According to Mahani, after such a lengthy closure he’ll also need some final inspections from county health inspectors before the Royal’s distinctive building can again entertain guests, which he hopes to do by the end of next month. It was a Safeway at some point, Albany historians say, although photographic evidence of this has been elusive — and in one photo from the ‘50s or ‘60s, its distinctive tower seemed to be part of a pizza-themed restaurant, its name obscured by the building next to it. In an earlier photo taken in the 1940s, there is no painted pizza sign or anything else to offer a clue about what was going on under that tower, which resembles nothing so much as a bartizan — a 14th-century medieval fortification. One can only wonder what inspired the architect to create such a structure on placid San Pablo Avenue.
In recent decades, the Royal has exuded nostalgia through the knick-knacks and tchotchkes that fill nearly every square inch of the place. Its décor doesn’t fit into a single category: there’s the “don’t touch, just look” jukebox, the collection of old radios and coffee pots, the black and white checkerboard tile, the red stools at the front counter, and the “Oh, I get it,” combination bagels-and-locks clock. It’s a vast collection of cultural artifacts that recalls bygone eras, even though the restaurant was established a mere 48 years ago.
And the food? The waffles (with or without crispy fried chicken), omelets, and variety of French toast and pancake options seemed designed to please everyone from seniors to toddlers. Benedicts and other items served with a rich and creamy Hollandaise merited their own column on the menu. The Royal’s orange juice was freshly squeezed, and its scones and other baked goods were made in house and paired with zingy lemon curd. (My grandson Sam used to call the Royal “the muffin restaurant” because he loved the fresh muffins, which he requested as a breakfast “starter” before his stack of pancakes arrived. We usually left the table sticky, but full of smiles.) There were never-ending coffee refills, and for those skipping breakfast, there were classic sandwiches and satisfying sides.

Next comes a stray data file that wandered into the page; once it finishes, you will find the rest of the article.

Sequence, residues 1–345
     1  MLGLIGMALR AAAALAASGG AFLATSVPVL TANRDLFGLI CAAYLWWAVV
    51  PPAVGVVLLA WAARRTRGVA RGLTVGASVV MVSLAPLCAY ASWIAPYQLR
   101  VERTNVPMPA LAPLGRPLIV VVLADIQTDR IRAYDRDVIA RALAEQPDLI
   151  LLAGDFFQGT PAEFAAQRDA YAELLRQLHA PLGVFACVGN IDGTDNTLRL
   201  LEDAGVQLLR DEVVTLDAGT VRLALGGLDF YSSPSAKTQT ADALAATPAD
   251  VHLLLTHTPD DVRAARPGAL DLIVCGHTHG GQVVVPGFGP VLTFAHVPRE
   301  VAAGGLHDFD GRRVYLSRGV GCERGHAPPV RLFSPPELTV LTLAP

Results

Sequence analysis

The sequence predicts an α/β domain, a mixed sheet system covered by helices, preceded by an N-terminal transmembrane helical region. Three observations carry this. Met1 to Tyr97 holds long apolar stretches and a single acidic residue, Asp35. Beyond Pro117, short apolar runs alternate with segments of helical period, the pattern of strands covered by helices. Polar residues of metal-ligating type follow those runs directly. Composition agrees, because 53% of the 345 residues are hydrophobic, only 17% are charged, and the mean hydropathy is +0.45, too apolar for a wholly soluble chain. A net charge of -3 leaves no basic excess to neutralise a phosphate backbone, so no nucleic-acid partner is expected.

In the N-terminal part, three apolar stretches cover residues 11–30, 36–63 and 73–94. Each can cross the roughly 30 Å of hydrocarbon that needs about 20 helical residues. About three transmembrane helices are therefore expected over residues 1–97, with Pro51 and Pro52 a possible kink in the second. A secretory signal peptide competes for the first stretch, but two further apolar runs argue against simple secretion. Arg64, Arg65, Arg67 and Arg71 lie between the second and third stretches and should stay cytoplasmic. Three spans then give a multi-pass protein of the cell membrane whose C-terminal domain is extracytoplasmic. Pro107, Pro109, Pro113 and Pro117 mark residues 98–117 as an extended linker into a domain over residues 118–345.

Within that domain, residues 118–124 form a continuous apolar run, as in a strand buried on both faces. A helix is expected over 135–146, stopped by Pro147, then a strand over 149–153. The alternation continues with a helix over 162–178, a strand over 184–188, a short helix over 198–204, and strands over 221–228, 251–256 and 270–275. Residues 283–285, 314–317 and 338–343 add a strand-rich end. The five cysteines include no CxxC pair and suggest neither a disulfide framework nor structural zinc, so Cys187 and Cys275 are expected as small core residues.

Like so many East Bay residents, the Royal was a frequent meeting place for me and my family. My son James and daughter-in-law Ashley-Renée live in Albany, just a few blocks from the Royal, and before the pandemic, we’d frequently meet at the cafe for breakfast with the kids. “I liked that it was somewhere I could go with my family (highchair users or not), by myself as a treat, or with out of town guests I wanted to charm,” Ashley-Renée said. And even though they were regular patrons, she said that “we were always spotting pictures and décor we hadn’t noticed before.”
The service at the Royal is also fondly remembered. Ashley-Renée says that workers were always “good about bringing crayons and coloring sheets” to the table, which made it more relaxing for the parents, even, she says, “when the kids were being a little challenging.”
Speaking with Nosh after this article was first published, Mahani said that he was “very touched” by the fond memories of the food and service that he read in this piece and in the comments below. “Reading those words made me more determined than ever before to reopen,” he said.
Eve Batey contributed additional reporting to this article following its publication